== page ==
It was reported on June 22 that General Stanley McChrystal had tendered his resignation to President Barack Obama and that the White House was actively discussing a replacement who could be quickly confirmed by the Senate:
The source said that among the names being touted as possible successors are General James Mattis, the outgoing head of the US Joint Forces Command and due to retire after being passed over as US Marine Corps commander, and Lieutenant General William Caldwell, commander of Nato’s Training Mission in Afghanistan.
On June 23, en route to a meeting with Secretary Gates, General McChrystal denied that he had tendered his resignation but indicated that he was prepared to do so. More accurately, General McChrystal probably requested retirement instead of resigning his commission; he is certainly eligible for retirement and, like a resignation, acceptance of his retirement was optional with the president.
Following a thirty minute meeting with President Obama, General McChrystal departed the White House “before Obama convened a regularly scheduled war planning meeting there.” That was a pretty good indication of what was to come. An announcement that General McChrystal had been relieved of his command by President Obama was made later on June 23. General McChrystal is to be replaced by General Petraeus.
After offering to step down, it would have been unseemly for Obama to have fired him. Had General McChrystal not offered to go, he would most likely have been fired — more accurately, his retirement would have been demanded. Otherwise, he would have found it even more difficult than previously to perform his increasingly arduous duties in Afghanistan. Those duties have been all the more difficult due to dissension among others in the White House circle. Politico reports that there are divisions among Defense Secretary Robert Gates, Vice President Biden, Gen. David Petraeus, Richard Holbrooke, and others. According to Mike Brownfield:
Those divisions are of Obama’s own making, stemming from his lack of leadership and failure to make a firm commitment to victory in Afghanistan.
Be that as it may, there is one commander in chief of the United States military, and it is a civilian: the president of the United States. Adore him, tolerate him, or despise him, he is still the commander in chief and. He is entitled to the respect customarily shown to that office by military officers; to be disrespectful or insubordinate is highly inappropriate. Taking issue, publicly, with the commander in chief on war policy is grossly inappropriate for a high ranking serving officer and is no less troublesome than a company commander telling his troops that the battalion commander is an idiot. Both degrade the chain of command and neither leads to the enthusiastic obedience of lawful orders. A retired senior officer for whose views I have great respect has told me that:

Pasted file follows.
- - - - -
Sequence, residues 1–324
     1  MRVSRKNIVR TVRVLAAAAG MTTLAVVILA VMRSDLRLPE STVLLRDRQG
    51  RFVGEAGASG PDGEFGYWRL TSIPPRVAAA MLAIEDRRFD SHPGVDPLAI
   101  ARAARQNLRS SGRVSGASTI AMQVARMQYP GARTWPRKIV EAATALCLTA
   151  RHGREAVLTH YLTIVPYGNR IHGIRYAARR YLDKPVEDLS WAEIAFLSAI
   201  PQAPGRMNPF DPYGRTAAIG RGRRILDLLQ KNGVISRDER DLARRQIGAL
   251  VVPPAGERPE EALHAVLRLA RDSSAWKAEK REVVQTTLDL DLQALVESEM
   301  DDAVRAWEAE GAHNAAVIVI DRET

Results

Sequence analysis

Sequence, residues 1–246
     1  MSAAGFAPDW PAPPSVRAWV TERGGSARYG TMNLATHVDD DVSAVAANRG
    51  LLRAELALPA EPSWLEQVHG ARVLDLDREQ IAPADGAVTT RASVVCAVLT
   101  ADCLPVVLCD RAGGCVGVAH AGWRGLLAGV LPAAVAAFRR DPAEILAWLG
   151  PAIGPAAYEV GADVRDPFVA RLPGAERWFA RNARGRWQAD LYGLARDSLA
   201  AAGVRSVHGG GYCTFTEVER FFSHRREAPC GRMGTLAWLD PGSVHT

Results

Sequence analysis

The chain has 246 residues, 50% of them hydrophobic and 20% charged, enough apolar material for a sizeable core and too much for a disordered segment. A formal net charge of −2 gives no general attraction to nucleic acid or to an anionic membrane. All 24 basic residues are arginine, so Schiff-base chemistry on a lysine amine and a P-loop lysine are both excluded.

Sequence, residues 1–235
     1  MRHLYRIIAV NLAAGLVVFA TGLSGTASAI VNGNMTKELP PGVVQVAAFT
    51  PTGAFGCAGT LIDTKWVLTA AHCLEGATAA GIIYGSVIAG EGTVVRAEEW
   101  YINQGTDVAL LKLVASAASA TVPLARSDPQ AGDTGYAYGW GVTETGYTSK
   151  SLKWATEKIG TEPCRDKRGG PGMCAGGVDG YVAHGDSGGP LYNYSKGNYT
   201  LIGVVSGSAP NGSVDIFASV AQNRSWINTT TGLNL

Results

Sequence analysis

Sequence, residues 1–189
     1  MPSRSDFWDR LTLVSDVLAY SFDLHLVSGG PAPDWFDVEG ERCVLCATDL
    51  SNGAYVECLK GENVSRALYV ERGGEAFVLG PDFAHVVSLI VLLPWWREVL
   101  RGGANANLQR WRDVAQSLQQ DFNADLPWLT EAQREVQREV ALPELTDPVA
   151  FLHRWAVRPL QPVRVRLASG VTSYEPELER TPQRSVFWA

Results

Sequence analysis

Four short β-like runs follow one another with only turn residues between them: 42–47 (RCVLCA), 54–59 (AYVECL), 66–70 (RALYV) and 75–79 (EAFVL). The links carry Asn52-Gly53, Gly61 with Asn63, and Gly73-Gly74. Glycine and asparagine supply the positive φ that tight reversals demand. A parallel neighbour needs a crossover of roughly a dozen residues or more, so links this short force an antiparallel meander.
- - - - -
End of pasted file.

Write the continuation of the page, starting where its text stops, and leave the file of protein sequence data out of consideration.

Any senior officer I know anything about would never tolerate members of his staff making the kinds of remarks reported, and he certainly wouldn’t have said those kinds of things even among his close staff, much less in front of a reporter. If the report is accurate, the president shouldn’t relieve McChrystal; Gates should do it and do it quickly.
Although General McChrystal has apologized to various and sundry for his remarks, I have seen nothing to suggest that he has retracted them or those of his staff members. The only casualty besides General McChrystal thus far has been that Duncan Boothby, the special [civilian] assistant to McChrystal who organized the Rolling Stone journalist’s access to the commander, has resigned as a result of the article.